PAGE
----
Glasgow confirms transformation deal with CGI
Seven-year contract to come into force in April to include plans for more online transactions and better data analysis in health and care
Glasgow City Council has confirmed it is to go ahead with a seven-year contract with business consulting services firm CGI to support its IT systems and “kick-start a step change” in its digital services.
The confirmation comes a year after the council indicated its intention of moving to a deal with CGI, based on a similar arrangement the company has in place with City of Edinburgh Council.
But the plan was reliant on the business case being proven, and ran into an obstacle when the council’s previous IT services provider Serco lodged a complaint with Scotland’s Court of Sessions about the legal basis of the deal.
This was resolved with an agreement under which the council would take on Serco's membership of the Access joint venture between the two from the end of this month. It said the arrangement had provided £70 million in savings over the past decade.
Glasgow has now said the deal will go ahead, having accepted an offer from CGI that meets its requirements. Both parties are working towards the new contract, valued at more than £350 million, coming into force from April of next year.
The city’s digital champion, Councillor Angus Millar, emphasised the potential for a complete redesign of its interactions with local people.
“We have an opportunity to completely redesign how we use technology to improve the lives of all Glaswegians,” he said.
“From world class digital learning in our schools, to protecting the health of our most vulnerable citizens, we need to innovate and be ready to embrace opportunities to use technology creatively to deliver for the city.
“Since approval of the outline business case in April, we have focused a great deal of attention on developing and refining the staffing model; to ensure the deal is right for the workforce and puts them right at the heart of driving forward change in our city.
“That includes establishing a Workforce Board, which I will chair, as a key part of the governance arrangements for the contract.”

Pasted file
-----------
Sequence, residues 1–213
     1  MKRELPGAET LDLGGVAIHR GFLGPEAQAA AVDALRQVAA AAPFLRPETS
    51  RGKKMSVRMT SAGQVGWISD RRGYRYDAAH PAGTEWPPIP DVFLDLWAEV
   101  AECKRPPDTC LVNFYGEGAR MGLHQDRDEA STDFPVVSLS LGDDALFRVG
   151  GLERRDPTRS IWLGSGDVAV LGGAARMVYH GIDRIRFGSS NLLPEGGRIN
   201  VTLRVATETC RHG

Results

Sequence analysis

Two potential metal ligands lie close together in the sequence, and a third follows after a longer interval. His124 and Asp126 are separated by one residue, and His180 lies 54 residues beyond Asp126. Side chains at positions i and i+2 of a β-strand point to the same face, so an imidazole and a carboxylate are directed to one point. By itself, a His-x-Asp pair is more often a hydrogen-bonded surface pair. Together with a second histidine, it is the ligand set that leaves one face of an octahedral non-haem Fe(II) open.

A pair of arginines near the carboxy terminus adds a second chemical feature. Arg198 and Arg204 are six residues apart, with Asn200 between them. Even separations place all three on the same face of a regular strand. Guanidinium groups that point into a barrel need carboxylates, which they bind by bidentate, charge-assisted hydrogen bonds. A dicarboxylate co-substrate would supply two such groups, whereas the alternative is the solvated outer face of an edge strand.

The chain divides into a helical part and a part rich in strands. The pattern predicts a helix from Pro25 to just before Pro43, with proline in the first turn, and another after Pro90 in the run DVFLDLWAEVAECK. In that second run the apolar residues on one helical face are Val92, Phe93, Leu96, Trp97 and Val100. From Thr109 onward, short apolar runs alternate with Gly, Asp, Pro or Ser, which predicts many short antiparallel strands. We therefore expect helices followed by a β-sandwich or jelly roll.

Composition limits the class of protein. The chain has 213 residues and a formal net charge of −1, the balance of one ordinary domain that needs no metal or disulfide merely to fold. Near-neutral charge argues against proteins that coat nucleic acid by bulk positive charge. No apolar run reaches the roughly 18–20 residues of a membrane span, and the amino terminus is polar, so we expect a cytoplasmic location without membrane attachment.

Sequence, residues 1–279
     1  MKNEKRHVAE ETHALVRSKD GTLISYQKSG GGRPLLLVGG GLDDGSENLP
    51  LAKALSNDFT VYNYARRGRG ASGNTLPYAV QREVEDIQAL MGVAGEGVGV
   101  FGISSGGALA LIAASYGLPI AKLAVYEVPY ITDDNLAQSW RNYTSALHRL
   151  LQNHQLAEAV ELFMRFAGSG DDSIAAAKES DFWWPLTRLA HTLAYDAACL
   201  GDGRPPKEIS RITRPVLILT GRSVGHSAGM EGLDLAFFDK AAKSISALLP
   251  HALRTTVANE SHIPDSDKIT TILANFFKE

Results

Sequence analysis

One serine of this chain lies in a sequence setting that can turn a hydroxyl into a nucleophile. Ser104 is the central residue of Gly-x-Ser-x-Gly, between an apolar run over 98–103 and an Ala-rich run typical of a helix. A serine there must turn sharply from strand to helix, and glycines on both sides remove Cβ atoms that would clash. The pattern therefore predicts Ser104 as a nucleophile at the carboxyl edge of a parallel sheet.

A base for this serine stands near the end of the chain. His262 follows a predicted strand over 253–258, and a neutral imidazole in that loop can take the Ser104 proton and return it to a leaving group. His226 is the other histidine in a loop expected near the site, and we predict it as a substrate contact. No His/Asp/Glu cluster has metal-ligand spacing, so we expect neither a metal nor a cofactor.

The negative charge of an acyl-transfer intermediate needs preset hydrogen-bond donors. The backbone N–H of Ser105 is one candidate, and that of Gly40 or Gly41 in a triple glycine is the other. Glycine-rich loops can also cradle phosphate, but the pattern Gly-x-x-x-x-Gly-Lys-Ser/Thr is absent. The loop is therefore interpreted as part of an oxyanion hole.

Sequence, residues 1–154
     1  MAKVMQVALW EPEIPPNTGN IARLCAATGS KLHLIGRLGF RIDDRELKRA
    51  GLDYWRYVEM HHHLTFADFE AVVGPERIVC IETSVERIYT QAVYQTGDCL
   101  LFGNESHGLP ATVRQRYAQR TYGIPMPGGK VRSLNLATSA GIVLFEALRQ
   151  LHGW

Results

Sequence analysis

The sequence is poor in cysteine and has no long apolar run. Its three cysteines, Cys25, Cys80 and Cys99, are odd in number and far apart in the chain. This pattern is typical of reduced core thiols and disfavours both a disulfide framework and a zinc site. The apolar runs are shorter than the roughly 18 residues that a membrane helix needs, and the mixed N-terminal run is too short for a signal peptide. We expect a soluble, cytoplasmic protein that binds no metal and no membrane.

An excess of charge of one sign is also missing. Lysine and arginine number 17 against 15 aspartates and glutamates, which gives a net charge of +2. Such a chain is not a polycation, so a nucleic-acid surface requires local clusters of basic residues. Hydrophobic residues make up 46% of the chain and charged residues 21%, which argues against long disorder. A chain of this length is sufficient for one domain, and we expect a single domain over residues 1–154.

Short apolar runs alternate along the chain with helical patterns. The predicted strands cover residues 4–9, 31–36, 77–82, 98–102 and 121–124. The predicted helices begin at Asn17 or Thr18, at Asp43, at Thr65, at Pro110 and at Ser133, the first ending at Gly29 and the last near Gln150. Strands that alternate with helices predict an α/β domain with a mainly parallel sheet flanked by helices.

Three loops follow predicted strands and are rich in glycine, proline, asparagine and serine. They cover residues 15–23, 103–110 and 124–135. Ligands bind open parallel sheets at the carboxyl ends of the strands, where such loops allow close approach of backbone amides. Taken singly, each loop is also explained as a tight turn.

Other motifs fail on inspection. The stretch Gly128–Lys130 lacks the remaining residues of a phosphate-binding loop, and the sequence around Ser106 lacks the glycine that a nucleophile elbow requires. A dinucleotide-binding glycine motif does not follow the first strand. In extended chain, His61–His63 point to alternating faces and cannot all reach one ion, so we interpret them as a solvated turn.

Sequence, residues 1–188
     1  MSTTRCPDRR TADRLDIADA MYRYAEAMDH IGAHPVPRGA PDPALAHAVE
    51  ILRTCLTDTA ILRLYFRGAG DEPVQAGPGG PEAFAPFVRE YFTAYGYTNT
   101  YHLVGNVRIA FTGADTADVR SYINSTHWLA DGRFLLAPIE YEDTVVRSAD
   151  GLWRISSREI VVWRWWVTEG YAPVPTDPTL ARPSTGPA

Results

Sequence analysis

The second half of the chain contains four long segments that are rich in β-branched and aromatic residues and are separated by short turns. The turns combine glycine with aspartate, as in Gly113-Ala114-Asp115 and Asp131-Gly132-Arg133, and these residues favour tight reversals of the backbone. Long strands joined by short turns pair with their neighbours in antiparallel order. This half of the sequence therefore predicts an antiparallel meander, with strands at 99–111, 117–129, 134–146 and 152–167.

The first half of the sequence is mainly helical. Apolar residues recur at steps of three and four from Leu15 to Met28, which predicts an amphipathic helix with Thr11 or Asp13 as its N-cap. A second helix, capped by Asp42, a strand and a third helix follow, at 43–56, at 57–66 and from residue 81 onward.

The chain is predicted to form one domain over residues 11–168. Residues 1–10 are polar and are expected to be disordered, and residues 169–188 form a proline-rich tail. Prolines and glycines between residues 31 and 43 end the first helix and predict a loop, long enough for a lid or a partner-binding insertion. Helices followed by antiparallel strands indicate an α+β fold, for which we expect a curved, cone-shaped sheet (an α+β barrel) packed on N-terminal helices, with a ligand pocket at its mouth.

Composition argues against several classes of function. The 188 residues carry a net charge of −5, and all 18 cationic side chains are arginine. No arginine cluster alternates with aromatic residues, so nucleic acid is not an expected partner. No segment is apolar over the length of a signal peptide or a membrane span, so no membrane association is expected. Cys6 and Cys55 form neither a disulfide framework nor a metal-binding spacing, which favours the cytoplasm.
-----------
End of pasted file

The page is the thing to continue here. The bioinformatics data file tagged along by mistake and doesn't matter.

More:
The council has pointed to a number of benefits it expects from the deal, including a big increase in the number of transactions that can be completed online, and the provision of high speed and wireless connectivity for all of its libraries. The latter ties in with its aim of supporting digitally deprived citizens, allied with a plan to work with a local social enterprise to make some of its decommissioned technology available to residents.
It emphasised plans to increase support for data analysis in health and care, aiming to improve the success rates of early interventions and identify where assistive technology can help vulnerable people.
In the field of education, it said the contract will involve major network improvements, the provision of a tablet device to every pupil from P6 onwards, and the creation of a Digital Learning team to support schoolchildren.
The council added that staff pay, pensions and conditions will be protected, and that those currently seconded to the existing Access joint venture with Serco will be able to retain that status, thereby remaining council employees, if they choose.
CGI is already a significant employer in Glasgow, operating an Open Digital Service Centre at the Inovo building in George Street. It has plans to develop a skilled city workforce, to sponsor a degree programme at Glasgow Caledonian University, and to sponsor software development training for 100 long term unemployed people every year.
Pictured: Glasgow from Queen’s Park by Chris Haikney, CC-BY-SA-3.0 via Wikimedia Commons